When my parents left me at college for the first time, I wasn’t sure what to do.
I reached for my phone to check my messages. Snapchat, CNN, and an incoming text. Gabriel. I swiped open my messages. Hey, you finished moving in?
Yep, my parents just left, I responded.
Wanna come over?
I hopped off of my bed and slipped on my Birkenstocks.
His building was across campus, but I was happy to make the trek. When I got to Gabriel’s dorm, the door flung open and I was greeted by a tall, lean man with a glowing smile. His hair was the perfect length and swooped effortlessly to one side, nothing like the nerdy bowl cut of the kid I had first met in high school.
We hung out regularly in college, sharing meals together, listening to music in our rooms and learning to play racquetball through countless YouTube videos and heated arguments after ambiguous plays. We spent hours next to the ice cream machines in the Diner, learning more about one another than we ever wanted to know while the heads of strangers turned critically towards us in response to our unapologetically boisterous laughter. I talked about the co-ed frat I planned on pledging, my new friends and my crushes. Gabriel focused mostly on his difficult engineering classes, his lack of friends, and especially, his hatred for his roommate. I could tell that every little annoyance weighed on him, heating him up like a kettle on the stove, seconds from screeching. Finally, after one big nonsensical blowout, Gabriel reached his boiling point with his roommate.
Within days, he was scheduled to move out into a new place — a single in Prince Frederick Hall.
When he moved in, he insisted that I come to see it. We met at the Diner to grab dinner, but instead of unloading his stress like normal, he listened to me quietly. He seemed different, like he wanted to say something but couldn’t find the words.
Walking to his building, we suffered from a similarly troubling silence. Worried, I cracked jokes and teased him like I always did, and tried racing him to the front door like we used to race through the hallways of our high school. He played along but I won by a landslide. I wondered if it was something I had said. We walked into the lobby.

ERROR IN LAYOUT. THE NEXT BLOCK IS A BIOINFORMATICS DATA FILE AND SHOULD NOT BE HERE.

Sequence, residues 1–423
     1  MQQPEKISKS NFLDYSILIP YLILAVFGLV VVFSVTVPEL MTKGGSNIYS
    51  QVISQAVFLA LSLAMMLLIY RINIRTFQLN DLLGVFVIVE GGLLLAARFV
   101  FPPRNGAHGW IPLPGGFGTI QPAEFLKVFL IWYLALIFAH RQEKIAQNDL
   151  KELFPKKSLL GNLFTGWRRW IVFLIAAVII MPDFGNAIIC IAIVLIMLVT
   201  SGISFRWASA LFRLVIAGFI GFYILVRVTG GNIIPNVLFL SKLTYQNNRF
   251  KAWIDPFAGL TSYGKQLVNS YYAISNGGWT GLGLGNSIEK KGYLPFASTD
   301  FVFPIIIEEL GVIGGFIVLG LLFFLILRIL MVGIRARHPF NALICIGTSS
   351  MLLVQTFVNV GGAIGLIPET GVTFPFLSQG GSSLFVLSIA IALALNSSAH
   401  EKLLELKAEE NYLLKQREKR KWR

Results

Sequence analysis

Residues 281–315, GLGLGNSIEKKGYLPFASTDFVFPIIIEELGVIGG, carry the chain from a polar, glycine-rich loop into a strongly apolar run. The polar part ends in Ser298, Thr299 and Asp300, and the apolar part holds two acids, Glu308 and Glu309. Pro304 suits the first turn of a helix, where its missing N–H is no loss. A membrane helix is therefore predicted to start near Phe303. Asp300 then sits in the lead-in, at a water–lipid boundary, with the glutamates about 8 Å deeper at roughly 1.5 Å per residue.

We entered the elevator with another girl. Good, we’re not alone yet, I thought.
No one said anything, so I noticed how fast my heart was beating. We entered his room. The overhead lights were so bright I squinted. He shuffled across the room and switched on his bedside lamp, emitting a soft glow into the room. “Flick that switch off, those fluorescent lights are crazy bright,” he said. Reluctantly, I set the mood. My heart rate increased. “Gabriel, this is huge!” I cut in. “Dude, I know!” He walked into the room and sat at his desk. I selected the seat across the room, farthest from him.
“Yo, wait until you hear this new song I found,” he said, opening his laptop. “I bet it’s weird just like everything you listen to,” I teased. He laughed loosely like usual. Finally. He queued some tunes and settled onto the rug. I looked at my phone, trying to avoid eye contact. My heart was racing.
“Hey listen…” his voice was timid and shaky. I kept my eyes cemented to my aimless scrolling. “I want to tell you something.” “Yeah, what’s that champ?” I smiled and chuckled nervously at my phone screen. “This is hard for me to say.”
Hesitantly, I looked up to find him sitting cross-legged in front of me. He looked smaller than normal. “It’s just that I’ve known for a while…” He was rocking back and forth as he spoke. I didn’t need to look in a mirror to know my face was bright red. I felt a million things in a millisecond. Don’t do it, Gabriel. Don’t ruin our friendship, I thought. “…and I have been waiting for the right time to tell you, but I really want you to know.”
Our history flashed before my eyes.
Facetime precalculus and history. AP exams and college acceptance letters. Band concerts and graduation. I want to be friends forever, please don’t do this Gabriel. I frantically planned my response to him. We can’t ruin our friendship. I don’t feel that way about you. He looked up at me, and I could tell he was as nervous as I was. Finally, he spoke: “I’m gay.”